One of my majors was philosophy, and I started studying Latin before my Junior year, so I know where you're coming from. I think you'll find that a broad linguistic and classical knowledge will supplement your studies in unexpected ways.
I'm approaching my two year Latin anniversary this summer, and I'm happy I started as soon as I did. I've been studying Greek on my own intensively for about six weeks now, and I look forward to reaping the fruits of my labor. Mihi crede, amice, you're in the hardest part right now, and Latin will start to become a pleasure and not a chore after you've mastered the grammar and are at leisure to sip from the cup of Latin literature.
As for keeping your skills sharp, regular practice is key. I recommend getting a copy of Lingua Latina Vol. 1 by Hans Orberg, which you'll see is recommended perennially on this site. It'll reinforce and greatly expand everything you've learned in your schooling.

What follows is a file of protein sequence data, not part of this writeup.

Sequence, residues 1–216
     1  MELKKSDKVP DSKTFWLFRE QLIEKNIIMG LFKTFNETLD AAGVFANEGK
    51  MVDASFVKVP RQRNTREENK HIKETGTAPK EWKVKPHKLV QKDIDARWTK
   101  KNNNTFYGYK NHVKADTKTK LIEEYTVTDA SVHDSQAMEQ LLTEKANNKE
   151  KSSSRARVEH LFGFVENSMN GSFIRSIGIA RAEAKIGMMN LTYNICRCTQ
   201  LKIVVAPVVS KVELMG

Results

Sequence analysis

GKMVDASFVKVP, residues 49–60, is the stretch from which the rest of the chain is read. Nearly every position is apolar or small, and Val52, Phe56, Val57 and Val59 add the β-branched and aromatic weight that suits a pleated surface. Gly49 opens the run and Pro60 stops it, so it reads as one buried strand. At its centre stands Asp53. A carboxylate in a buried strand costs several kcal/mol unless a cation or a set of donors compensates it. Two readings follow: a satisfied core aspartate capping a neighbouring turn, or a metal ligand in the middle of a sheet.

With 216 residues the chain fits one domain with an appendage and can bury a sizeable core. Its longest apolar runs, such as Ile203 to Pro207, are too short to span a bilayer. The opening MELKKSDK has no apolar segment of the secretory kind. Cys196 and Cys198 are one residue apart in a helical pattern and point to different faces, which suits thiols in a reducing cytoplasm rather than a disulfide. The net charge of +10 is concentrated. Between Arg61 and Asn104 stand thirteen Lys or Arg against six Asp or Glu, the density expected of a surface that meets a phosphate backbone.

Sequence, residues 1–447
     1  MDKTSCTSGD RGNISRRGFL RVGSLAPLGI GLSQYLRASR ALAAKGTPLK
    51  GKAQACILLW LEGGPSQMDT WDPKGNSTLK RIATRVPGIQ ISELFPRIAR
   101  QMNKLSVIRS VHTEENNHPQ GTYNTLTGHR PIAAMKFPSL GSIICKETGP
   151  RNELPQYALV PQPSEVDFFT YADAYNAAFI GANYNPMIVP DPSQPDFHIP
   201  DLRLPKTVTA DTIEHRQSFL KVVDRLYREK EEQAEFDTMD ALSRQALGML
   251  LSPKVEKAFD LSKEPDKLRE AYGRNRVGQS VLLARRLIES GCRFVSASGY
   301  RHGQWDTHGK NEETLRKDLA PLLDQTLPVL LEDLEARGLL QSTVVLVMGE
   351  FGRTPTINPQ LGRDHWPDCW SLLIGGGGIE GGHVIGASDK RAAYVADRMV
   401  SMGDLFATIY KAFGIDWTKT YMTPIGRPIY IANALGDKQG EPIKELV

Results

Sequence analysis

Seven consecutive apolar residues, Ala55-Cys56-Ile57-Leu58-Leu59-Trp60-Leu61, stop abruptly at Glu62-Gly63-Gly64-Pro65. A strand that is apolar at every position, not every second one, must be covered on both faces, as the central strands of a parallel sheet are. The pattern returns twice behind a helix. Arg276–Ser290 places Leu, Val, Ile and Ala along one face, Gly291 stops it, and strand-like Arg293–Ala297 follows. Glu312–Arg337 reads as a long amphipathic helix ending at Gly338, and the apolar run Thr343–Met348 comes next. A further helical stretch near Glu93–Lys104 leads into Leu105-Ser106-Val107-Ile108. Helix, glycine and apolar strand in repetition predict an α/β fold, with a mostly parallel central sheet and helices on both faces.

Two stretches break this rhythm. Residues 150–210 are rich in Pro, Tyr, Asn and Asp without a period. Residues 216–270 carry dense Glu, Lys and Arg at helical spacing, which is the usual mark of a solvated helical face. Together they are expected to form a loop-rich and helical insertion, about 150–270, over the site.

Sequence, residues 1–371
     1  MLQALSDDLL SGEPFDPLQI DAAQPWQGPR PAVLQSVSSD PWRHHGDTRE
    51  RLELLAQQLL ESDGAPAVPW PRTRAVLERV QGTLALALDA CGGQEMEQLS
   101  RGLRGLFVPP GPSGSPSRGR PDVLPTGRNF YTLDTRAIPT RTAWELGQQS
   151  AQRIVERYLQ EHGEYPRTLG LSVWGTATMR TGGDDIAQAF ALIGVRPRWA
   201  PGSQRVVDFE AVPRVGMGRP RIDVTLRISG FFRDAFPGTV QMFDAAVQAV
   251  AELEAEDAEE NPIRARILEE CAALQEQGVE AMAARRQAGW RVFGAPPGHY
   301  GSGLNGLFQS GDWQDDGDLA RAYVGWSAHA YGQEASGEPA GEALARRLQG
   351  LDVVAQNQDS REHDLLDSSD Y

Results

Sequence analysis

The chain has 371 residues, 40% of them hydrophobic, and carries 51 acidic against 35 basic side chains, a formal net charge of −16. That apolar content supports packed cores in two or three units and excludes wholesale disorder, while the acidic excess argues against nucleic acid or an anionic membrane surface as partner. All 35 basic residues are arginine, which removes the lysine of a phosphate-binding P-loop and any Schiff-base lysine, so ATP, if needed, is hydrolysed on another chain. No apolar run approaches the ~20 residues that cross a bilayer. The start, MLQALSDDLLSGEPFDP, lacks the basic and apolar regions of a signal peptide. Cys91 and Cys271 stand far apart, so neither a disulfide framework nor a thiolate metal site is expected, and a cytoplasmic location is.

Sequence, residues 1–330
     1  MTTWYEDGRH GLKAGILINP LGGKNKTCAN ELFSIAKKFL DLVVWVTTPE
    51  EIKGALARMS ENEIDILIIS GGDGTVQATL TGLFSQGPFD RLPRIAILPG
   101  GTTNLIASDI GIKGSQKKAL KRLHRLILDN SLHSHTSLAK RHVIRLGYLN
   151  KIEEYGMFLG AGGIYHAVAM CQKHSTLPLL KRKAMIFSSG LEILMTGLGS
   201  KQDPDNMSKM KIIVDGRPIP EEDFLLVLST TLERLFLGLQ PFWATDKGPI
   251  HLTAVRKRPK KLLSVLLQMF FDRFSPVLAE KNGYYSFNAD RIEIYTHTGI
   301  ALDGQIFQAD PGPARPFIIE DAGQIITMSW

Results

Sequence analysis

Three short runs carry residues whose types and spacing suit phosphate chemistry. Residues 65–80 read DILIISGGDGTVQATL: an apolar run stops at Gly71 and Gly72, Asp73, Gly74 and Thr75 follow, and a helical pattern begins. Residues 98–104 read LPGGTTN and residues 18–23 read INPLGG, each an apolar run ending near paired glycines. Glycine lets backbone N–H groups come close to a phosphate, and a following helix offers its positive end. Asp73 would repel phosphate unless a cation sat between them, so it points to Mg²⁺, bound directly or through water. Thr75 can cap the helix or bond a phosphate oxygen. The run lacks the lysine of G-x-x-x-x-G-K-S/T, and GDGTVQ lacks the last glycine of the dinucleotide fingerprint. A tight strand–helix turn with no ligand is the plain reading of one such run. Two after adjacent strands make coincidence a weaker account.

Nice. This summer will mark one year of Latin study for me. My school offered the the first two Latin classes (1010 and 1020) last summer, so I took advantage of the opportunity and took those two classes, which normally take two full semesters, in two months time. I just finished 2010 and 2020 a few weeks ago.
In the last class, we translated most of cena trimalchio from Petronius' Satyricon
. It was pretty interesting and definitely made me realize how limited my vocabulary really is. Coming from the safety of the Oxford Latin Course textbook, in which 85% of the words are straight from the vocabulary, it was a real kick in the pants to have to constantly be looking up the words that Petronius was using. It was very frustrating and discouraging.
I'm gonna check out that Lingua Latina; I've definitely seen it mentioned here a lot.